A $272m telescope buried deep beneath the South Pole has failed to find any neutrinos accompanying exploding fireballs in space, undermining a leading theory on how cosmic rays are born.
IceCube – a detector consisting of 5,160 optical sensors embedded up to 2.5km deep in the ice – searched for evidence of neutrinos emitted from 300 fireballs known as gamma ray bursts (GRB) observed between May 2008 and April 2010. Understanding the origin of cosmic rays would provide insight into the most energetic phenomena in the Universe.
Researchers said the search did not find a single neutrino – which would have appeared as a flash of blue light beneath the surface of the ice. The results – published in Nature – challenge the idea the cosmic rays originate from gamma ray bursts.
“Although this is a negative result it illustrates that cosmic neutrino detection has come of age – IceCube has achieved the necessary sensitivity to neutrino fluxes expected from likely sources of cosmic rays,” said Professor Subir Sarkar who leads the UK involvement in the experiment. “It should not be long now before we find the real sources.”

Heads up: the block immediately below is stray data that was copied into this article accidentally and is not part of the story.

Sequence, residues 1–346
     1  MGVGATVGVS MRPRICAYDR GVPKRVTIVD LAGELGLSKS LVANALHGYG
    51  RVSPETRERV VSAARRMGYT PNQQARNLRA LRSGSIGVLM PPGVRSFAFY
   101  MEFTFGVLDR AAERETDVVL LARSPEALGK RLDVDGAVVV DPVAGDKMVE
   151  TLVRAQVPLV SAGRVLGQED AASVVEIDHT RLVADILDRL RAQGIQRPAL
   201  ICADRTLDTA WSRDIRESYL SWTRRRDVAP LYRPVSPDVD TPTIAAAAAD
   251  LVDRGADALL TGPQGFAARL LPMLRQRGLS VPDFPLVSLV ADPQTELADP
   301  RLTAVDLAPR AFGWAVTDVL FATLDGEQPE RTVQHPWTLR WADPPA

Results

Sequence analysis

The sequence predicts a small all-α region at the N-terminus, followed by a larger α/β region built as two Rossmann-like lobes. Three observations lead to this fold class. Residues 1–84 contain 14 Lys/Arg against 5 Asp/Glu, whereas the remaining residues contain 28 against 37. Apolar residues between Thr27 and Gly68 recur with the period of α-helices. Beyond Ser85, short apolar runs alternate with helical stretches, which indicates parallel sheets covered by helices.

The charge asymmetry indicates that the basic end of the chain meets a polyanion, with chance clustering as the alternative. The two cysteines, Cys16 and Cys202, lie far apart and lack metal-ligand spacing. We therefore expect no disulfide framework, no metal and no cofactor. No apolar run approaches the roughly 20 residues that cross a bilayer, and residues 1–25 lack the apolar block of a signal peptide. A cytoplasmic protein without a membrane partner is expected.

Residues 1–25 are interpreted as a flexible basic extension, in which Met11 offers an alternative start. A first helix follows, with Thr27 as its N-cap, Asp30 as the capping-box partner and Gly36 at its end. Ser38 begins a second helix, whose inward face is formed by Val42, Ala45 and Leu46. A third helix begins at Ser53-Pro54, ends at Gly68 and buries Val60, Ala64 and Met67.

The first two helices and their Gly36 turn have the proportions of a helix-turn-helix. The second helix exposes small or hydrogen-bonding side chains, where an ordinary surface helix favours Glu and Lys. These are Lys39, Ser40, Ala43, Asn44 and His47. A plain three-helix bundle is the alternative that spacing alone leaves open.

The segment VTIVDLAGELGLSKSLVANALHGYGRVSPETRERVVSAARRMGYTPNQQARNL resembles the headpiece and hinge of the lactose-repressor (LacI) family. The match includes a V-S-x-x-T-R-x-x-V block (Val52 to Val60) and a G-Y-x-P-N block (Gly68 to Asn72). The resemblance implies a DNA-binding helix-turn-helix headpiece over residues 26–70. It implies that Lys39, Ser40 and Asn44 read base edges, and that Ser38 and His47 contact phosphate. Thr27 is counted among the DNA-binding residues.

The findings implies GRBs are not the only sources of cosmic rays with energies exceeding 1018 electronvolts and is likely to focus attention on the other prime candidate for creating cosmic rays – supermassive black holes found at the centre of active galaxies.
“The result of this neutrino search is significant because for the first time we have an instrument with sufficient sensitivity to open a new window on cosmic ray production and the interior processes of GRBs,” said Professor Greg Sullivan, IceCube spokesperson.
“The unexpected absence of neutrinos from GRBs has forced a re-evaluation of the theory for production of cosmic rays and neutrinos in a GRB fireball and possibly the theory that high energy cosmic rays are generated in fireballs.”
The fireball theory predicts that very energetic astrophysical events – gamma ray bursts – are required to accelerate cosmic rays to above 1018 electronvolts. This acceleration should be accompanied by neutrinos, which are produced by the decay of charged pions created in interactions between high energy cosmic ray protons and gamma rays.
“Although we have not discovered where cosmic rays come from, we have taken a major step forward ruling out one of the leading predictions,” said Francis Halzen, IceCube principal investigator.